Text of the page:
The rapid increase in the number of short sales and the process itself has created a tremendous challenge to the real estate community due to countless reasons including:
Limited understanding. Most Buyers and Sellers are not fully aware of the short sales process and how it truly works. Even if the REALTOR is experienced, his or her counterpart may not be which makes negotiating short sales extremely difficult and challenging.
Absence of a uniform process and application. Currently, both short-sales documents and processes are lender specific, making it very difficult and time-consuming for REALTORS to become knowledgeable and efficient in facilitating transactions with various lenders. The general rule with short sales is there is no general rule.
Lack of Communication and Authority. The response time varies greatly. It is very difficult to communicate with the Loss Mitigator assigned to the file. They are notoriously slow in retuning calls and very rarely provide email addresses. Most of all it is extremely rare to ever speak to someone of authority.
Multiple Submissions. Lenders often lose documents which require multiple submissions. Lenders are unorganized and deluged with paperwork and it is not uncommon to remit the same short sale package multiple times. In other instances lenders may close out a file without warning if the financial information has been updated during the previous 30 days.
Second Mortgage Issues. When more than one lender is involved the negotiations are much more difficult. Many times the second mortgage holders can be roadblocks to successful short sales. Second lien holders often hold up the transaction to exert the largest possible payment, in exchange for releasing their lien, even though in foreclosure they will receive nothing. Issues which arise include:
The first lender will always limit and dictate what the second mortgage holder will receive from closing. The most common unwritten rule is to throw a small bone, typically $3,000.00 to $5,000.00 to the second mortgage holder to obtain their release.
Often second mortgage holders will not commit to a number until they see a settlement statement approved by the first lender. This creates a time crunch problem.
Top Ten Short Sale Deal Killers
There are many ways for short sales to fail. Below is a list of the most common reasons why many have:
Offer an unreasonable price. Short sales are already aggressively priced to begin with. The number one deal killer for short sales is having the buyer submit a totally unrealistic contract price.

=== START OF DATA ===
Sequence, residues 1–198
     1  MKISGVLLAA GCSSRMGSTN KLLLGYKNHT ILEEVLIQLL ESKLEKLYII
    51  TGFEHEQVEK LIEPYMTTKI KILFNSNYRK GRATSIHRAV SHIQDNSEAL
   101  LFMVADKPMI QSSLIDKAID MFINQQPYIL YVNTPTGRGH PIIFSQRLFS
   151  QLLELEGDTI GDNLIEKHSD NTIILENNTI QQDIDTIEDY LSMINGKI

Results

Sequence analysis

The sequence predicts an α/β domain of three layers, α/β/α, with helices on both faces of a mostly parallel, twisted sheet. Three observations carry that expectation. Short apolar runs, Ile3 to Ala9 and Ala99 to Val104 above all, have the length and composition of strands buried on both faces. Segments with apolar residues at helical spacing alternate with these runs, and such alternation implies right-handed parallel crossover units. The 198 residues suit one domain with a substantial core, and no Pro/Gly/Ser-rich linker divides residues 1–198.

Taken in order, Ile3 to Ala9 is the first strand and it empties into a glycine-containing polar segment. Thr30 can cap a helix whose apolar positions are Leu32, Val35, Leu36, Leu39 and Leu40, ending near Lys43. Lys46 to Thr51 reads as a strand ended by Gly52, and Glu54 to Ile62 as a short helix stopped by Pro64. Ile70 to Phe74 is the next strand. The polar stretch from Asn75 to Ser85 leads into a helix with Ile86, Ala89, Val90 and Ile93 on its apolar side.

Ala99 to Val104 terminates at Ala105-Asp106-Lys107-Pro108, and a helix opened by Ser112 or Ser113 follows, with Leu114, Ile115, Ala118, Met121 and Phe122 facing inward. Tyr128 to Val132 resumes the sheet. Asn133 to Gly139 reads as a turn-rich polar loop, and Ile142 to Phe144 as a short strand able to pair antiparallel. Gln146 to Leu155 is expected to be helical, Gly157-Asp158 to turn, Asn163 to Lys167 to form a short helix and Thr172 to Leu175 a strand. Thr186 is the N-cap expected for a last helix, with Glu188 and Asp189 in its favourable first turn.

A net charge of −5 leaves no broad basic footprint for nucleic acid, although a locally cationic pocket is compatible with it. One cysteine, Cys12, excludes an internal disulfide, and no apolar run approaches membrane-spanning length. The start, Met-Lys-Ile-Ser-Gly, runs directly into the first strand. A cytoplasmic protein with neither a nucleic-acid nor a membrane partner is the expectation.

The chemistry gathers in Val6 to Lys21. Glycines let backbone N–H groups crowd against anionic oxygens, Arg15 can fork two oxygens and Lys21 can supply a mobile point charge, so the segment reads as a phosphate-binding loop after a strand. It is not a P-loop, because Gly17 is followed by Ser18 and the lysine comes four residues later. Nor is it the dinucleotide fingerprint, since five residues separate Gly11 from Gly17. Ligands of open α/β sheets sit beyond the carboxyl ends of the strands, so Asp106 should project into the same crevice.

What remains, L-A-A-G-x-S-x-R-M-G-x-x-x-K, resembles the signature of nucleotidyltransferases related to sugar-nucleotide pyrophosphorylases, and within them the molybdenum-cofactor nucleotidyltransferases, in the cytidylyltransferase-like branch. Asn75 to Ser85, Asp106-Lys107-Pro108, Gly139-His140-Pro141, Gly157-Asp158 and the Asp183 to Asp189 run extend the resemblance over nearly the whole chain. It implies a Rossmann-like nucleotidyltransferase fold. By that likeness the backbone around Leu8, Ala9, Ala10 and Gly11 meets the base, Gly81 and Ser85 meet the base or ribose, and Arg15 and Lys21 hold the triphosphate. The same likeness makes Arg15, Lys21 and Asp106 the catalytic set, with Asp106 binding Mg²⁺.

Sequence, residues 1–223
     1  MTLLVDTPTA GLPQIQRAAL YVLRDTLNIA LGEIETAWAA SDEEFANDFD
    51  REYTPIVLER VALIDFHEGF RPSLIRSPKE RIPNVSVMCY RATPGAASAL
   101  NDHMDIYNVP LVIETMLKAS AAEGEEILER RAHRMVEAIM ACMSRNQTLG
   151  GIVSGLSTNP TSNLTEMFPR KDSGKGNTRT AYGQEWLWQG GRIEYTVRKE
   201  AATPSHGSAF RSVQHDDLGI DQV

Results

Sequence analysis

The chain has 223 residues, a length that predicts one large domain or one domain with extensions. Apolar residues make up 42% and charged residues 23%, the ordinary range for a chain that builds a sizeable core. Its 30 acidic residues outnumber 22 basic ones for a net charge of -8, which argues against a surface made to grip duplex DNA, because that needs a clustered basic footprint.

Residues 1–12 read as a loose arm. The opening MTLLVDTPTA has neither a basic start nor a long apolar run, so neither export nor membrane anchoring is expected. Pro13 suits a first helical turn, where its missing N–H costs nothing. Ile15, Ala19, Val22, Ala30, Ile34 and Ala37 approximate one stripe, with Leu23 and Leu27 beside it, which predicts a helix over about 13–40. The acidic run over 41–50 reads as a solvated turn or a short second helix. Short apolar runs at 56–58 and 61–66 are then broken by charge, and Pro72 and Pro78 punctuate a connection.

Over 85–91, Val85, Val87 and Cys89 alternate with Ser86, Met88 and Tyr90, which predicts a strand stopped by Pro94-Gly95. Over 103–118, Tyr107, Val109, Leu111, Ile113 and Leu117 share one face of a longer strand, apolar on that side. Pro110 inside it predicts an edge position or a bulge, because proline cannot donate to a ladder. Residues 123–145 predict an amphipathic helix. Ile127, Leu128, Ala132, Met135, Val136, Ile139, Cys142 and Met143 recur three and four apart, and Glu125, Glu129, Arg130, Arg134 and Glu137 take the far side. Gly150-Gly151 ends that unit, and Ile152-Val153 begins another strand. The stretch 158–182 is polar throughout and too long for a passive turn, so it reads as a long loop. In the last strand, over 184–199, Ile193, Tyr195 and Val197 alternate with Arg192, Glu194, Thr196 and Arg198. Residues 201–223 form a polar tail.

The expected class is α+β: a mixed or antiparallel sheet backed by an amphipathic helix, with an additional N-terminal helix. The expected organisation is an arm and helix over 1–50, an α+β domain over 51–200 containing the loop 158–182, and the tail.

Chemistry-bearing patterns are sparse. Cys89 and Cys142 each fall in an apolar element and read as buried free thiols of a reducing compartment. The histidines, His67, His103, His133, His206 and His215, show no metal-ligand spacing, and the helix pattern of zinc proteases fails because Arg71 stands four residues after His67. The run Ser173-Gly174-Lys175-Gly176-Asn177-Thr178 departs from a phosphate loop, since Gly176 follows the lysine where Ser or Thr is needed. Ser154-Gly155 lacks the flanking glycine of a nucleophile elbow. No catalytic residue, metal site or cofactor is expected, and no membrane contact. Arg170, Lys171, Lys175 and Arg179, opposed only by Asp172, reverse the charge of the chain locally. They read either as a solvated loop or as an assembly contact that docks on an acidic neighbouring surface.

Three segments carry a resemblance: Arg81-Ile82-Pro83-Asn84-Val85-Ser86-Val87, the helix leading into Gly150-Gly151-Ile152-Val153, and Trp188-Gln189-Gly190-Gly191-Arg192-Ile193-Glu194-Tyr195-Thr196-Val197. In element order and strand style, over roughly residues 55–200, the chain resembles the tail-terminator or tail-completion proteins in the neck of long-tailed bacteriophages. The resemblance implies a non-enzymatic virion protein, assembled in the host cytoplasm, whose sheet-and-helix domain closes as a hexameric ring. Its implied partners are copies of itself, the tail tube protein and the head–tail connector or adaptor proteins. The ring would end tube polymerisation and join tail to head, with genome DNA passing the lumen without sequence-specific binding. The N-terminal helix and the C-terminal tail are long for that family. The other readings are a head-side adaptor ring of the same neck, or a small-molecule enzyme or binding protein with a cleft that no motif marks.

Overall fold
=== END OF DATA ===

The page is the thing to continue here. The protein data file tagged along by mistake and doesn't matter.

List the buyer’s name and/or assigns. Lenders are always suspicious of fraud in short sales. If they suspect that the buyer may be flipping the property for profit they will not consider the short sale.
Do not ask for a deposit. Without a deposit there is no commitment from the buyer and no legal contract. If given the chance, some buyers will tie up multiple properties and distort the integrity of pending sales.
Request a complete release for seller in other terms and conditions. Often lenders have countless files to deal with and don’t like the terms to be dictated up front to them. Save this argument for the approval process.
Submit multiple contracts to the lender like an auction. While practices differ from lender to lender, most lenders will only look at one offer at a time so it is often wisest to submit the best and highest offer from a committed buyer with a deposit.
Request that seller provide credits. Ironically, we receive contacts requesting seller to pay buyer’s closing costs. Lenders will not agree to pay more than the owners title insurance and sellers seldom bring anything to the closing table.
Submit an incomplete seller’s package. Although lenders do not have strict underwriting guidelines for approving short sales like they do for approving loans, all lenders require completed financial package which includes all of the seller items set forth above.
Submit an inaccurate or outdated settlement statement. Perhaps the number one source of frustration is that when a bank accepts a settlement statement it is accepting a bottom line figure. Often agents, in haste, fail to look into past due taxes, condominium liens, assessments. Other times taxes and maintenance are prorated just 60 days out yet it takes 120 days to approve. Guess who typically eats the short fall? Be safe – use 150 days out as a general rule for proration.